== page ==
When Margie and Stephen Zumbrun were battling the urge to have premarital sex, a pastor counseled them to control themselves. The couple signed a purity covenant.
Then, when the two got engaged and Margie went wedding dress shopping, a salesperson called her “the bride who looks like she’s 12.” Nonchurch friends said that, at 22, she was rushing things.
The agonizing message to a young Christian couple in love: Sex can wait, but so can marriage.
“It’s unreasonable to say, ‘Don’t do anything ... and wait until you have degrees and you’re in your 30s to get married,’” said Margie Zumbrun, who did wait for sex, and married Stephen fresh out of Purdue University. “I think that’s just inviting people to have sex and feel like they’re bad people for doing it.”
Against that backdrop, a number of evangelicals are promoting marrying earlier, nudging young adults toward the altar even as many of their peers and parents are holding them back.
Questioning young marriage
Couples like the Zumbruns are caught between two powerful forces — evangelical Christianity’s abstinence culture, with its chastity balls and virginity pledges, and societal forces pushing average marriage ages deeper into the 20s.
The call for young marriage raises questions: How young is too young? What if marriage is viewed as a ticket to guilt-free sex? What about the fact that marrying young is the No. 1 predictor of divorce?
The conversation is spreading from what pastors say is a relatively small number of churches and ministries that promote early marriage to the broader evangelical community, with the latest development being a Christianity Today magazine cover story this month titled “The Case for Young Marriage.”
The article’s author, University of Texas sociologist Mark Regnerus, argues that evangelicals “have made much ado about sex” but are damaging the institution of marriage by discouraging and delaying it.
Marriage or abstinence
Regnerus is not saying that premarital sex is OK. But he does suggest that abstinence has its limits, and that intensifying the message won’t work. When people wait until their mid to late 20s to marry, he writes, it’s unrealistic and “battling our creator’s reproductive designs” to expect them to wait that long for sex.
Statistics show that few Americans wait. More than 93 percent of adults ages 18 to 23 who are in romantic relationships are having sex, according to the National Longitudinal Study of Adolescent Health. For conservative Protestants in relationships and active in their faith, it’s almost 80 percent.
Regnerus, a conservative Presbyterian, knocks the “abstinence industry” for perpetuating “a blissful myth” that great sex awaits just beyond the wedding reception. He advises against teen marriage, but argues that early 20s marriages are not as risky as advertised.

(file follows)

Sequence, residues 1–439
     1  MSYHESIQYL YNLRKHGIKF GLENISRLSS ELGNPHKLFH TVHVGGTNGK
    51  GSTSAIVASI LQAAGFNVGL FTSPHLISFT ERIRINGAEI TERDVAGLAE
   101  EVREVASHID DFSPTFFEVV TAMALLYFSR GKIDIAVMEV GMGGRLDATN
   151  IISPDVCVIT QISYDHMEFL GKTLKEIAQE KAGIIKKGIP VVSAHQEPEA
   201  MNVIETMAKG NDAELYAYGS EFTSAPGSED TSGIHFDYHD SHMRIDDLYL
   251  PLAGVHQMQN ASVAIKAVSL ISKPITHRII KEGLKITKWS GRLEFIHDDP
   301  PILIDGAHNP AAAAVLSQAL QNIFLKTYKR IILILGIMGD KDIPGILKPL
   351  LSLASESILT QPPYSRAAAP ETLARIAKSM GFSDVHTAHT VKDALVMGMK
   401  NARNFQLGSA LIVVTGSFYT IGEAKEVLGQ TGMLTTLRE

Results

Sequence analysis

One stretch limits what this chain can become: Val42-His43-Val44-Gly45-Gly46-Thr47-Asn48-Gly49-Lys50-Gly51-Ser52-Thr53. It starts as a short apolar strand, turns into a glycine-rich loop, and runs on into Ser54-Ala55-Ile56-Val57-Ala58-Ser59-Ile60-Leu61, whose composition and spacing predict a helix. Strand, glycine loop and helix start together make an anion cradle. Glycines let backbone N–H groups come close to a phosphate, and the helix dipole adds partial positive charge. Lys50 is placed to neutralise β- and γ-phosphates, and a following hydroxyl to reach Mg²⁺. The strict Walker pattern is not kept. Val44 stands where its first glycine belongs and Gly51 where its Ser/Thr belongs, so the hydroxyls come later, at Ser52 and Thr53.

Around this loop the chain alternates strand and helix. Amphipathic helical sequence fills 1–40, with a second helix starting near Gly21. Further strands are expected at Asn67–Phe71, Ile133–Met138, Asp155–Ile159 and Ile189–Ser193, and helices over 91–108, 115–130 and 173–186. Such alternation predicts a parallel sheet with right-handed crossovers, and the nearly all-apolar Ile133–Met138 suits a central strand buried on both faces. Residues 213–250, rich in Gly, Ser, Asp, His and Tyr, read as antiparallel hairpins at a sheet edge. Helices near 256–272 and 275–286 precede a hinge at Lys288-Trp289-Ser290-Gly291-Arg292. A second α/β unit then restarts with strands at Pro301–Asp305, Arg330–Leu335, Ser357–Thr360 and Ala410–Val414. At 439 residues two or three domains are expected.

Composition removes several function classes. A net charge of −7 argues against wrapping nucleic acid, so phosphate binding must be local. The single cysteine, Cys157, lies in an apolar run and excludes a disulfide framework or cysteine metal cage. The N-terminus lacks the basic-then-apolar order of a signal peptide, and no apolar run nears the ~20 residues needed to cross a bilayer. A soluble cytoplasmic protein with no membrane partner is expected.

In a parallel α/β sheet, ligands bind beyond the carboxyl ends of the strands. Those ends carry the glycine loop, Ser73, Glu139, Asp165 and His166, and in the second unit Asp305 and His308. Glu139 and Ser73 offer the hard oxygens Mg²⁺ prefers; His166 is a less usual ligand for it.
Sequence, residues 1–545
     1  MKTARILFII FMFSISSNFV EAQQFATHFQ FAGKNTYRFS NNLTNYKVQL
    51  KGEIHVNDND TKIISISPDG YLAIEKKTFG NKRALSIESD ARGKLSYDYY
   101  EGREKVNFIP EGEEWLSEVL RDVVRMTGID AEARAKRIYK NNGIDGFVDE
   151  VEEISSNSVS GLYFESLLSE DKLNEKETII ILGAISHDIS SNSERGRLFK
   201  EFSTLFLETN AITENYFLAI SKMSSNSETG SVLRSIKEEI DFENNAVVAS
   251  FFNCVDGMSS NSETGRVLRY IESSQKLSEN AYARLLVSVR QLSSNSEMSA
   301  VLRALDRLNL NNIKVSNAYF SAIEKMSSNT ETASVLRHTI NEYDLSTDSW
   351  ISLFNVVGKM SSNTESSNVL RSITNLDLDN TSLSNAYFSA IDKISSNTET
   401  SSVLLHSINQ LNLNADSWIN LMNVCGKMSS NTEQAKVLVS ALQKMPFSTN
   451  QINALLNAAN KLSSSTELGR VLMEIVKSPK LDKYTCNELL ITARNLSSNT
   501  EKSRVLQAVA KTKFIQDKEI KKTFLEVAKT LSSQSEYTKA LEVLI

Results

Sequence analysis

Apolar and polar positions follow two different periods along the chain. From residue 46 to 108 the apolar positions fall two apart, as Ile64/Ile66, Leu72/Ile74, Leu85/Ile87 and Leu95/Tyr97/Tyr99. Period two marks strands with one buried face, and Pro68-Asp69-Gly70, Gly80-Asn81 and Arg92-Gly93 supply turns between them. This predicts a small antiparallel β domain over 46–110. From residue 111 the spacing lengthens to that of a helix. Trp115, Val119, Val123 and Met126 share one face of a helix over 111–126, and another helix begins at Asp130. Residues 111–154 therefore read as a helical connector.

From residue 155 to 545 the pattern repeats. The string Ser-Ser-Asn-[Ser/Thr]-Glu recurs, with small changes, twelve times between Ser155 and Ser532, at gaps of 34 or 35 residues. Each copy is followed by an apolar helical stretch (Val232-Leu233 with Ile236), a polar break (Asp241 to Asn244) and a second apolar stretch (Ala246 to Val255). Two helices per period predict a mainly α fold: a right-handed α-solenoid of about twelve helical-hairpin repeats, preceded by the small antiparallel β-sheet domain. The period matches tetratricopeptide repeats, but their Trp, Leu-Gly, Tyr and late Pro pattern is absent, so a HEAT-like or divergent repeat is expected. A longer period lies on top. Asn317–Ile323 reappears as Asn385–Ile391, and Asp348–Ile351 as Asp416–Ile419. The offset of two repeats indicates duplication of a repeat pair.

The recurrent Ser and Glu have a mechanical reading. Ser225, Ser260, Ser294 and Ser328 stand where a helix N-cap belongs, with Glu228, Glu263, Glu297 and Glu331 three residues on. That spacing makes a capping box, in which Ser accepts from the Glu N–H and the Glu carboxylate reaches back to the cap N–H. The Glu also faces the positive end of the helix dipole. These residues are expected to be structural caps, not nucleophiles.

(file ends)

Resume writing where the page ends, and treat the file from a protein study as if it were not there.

“I’ll probably get framed as I want people to marry because I don’t want them to have premarital sex,” said Regnerus, author of “Forbidden Fruit: Sex and Religion in the Lives of American Teenagers.”
“I think marriage is just a fantastic institution for people who think rightly about it, have realistic ideas about it and put the requisite work into it.”
The median age for first marriages in the U.S. is about 26 for women and 28 for men, the highest figures since the Census Bureau began counting. Solid data on evangelicals is not readily available, but research suggests they marry only slightly younger, Regnerus said.
Couples ask, ‘Why wait?’
High-school sweethearts Megan and Jay Mkrtschjan planned to marry at 20. But the suburban Chicago couple waited an extra year to finish college under pressure from Megan’s parents.
There were few doubts in their minds about marrying young. They had found each other. Why wait?
“For me, it was really a trust issue,” Megan said. “Marrying right out of college was showing our friends, showing the people we were acquainted with, that we trusted our lives with God.”
For Jay, a songwriter and guitarist, the “sex issue” was the best argument for early marriage. “By getting married young and dating for a shorter period of time, it leaves less room to sin sexually,” he said.
Now four years married, the Mkrtschjans say their relative youth helped them through early trials, which at one point took them down to $26 in the checking account.
“We were going through these hardships together,” said Megan, a fifth-grade teacher who owns a cake-decorating business. “It made things easier because we weren’t stuck in our ways. We were open to what each other had to say.”